Last week I shared a little bit about the beginning of our eastern states road trip starting in Virginia. One of the places I was most interested to visit during our drive up the east coast was Lancaster County, Pennsylvania. My particular goal was to see some antique Amish quilts.
Lancaster County is the home of many traditional Amish and Mennonite communities where they prefer a more simple lifestyle without cars and electricity. They also prefer more traditional dress styles with the Amish in particular choosing to keep their clothes in very plain, solid colors.
Driving through Lancaster County we saw lots of beautiful working farms like these that looked just picturesque in the rolling green countryside.
Pennsylvania Dutch (really Deutsch – as in German) is another common term to describe settlers in this part of Pennsylvania, referring to their German heritage which they brought with them when they settled in the 17th and 18th centuries. You can see some of that influence still evident in these buildings.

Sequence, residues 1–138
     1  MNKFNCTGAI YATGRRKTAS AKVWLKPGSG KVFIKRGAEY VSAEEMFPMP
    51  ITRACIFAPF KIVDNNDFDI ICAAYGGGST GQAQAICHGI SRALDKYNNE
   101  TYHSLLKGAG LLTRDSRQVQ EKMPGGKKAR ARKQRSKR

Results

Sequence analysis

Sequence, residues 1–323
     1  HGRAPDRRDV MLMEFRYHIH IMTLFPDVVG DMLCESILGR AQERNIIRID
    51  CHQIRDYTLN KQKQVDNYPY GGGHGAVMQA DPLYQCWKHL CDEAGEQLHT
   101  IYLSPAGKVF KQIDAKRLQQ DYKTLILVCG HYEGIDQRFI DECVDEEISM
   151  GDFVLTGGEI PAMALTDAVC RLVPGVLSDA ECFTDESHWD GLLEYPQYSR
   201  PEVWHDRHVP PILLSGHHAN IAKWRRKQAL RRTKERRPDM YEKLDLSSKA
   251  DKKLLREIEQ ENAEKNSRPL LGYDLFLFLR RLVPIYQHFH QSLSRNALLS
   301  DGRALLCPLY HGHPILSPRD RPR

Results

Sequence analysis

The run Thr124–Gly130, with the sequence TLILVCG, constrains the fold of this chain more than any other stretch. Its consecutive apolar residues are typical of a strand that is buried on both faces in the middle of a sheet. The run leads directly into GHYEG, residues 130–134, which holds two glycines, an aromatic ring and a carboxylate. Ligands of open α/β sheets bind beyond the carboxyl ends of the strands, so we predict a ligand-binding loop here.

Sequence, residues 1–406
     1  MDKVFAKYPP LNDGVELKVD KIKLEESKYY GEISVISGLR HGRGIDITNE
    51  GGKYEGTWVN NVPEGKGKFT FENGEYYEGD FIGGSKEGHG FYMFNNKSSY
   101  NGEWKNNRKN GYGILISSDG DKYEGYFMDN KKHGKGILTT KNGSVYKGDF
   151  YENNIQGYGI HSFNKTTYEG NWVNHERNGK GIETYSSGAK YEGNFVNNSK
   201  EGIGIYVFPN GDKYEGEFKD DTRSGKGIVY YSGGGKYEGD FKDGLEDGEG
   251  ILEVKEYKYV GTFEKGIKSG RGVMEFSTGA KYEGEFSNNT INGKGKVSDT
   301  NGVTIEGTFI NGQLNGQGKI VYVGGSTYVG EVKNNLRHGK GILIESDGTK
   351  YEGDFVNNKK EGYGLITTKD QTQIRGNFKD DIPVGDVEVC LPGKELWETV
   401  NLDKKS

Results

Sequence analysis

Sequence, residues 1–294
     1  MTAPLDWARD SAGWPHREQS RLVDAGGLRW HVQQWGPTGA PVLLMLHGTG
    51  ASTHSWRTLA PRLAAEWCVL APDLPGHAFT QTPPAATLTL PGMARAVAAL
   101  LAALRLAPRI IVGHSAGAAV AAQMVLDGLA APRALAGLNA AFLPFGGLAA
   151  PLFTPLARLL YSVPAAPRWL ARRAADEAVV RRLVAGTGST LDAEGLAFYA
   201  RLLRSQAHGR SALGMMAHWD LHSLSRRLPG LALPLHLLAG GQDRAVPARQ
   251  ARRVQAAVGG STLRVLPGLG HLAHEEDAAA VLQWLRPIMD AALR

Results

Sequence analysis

That’s the traditional heritage of Lancaster County in a very small, brief nutshell. These cultures and traditions are definitely much more complex than that and worth reading and learning more about.
It was a very hot afternoon as we drove through Lancaster County. I loved seeing this young mother and her children doing something so universal – trying to cool off in the water and keep small children entertained on a hot afternoon.
The traditional (and simpler) lives of the Amish in particular are definitely intriguing. Hence the reason there are lots of tourists in this area. There are some kitschy attractions that capitalize on that culture. For me, my favorite part was driving through the farms and small towns of Bird-In-Hand and Intercourse that we enjoyed most.
Our time was short (and to be honest, not as well-planned or researched as I’d hoped) by the time we got there. We only had a few hours as we made our way from Gettysburg to Philadelphia. And with a husband and 4 kids in tow I knew I wasn’t going to see everything Lancaster had to offer, but it was definitely worth the effort to see what we did.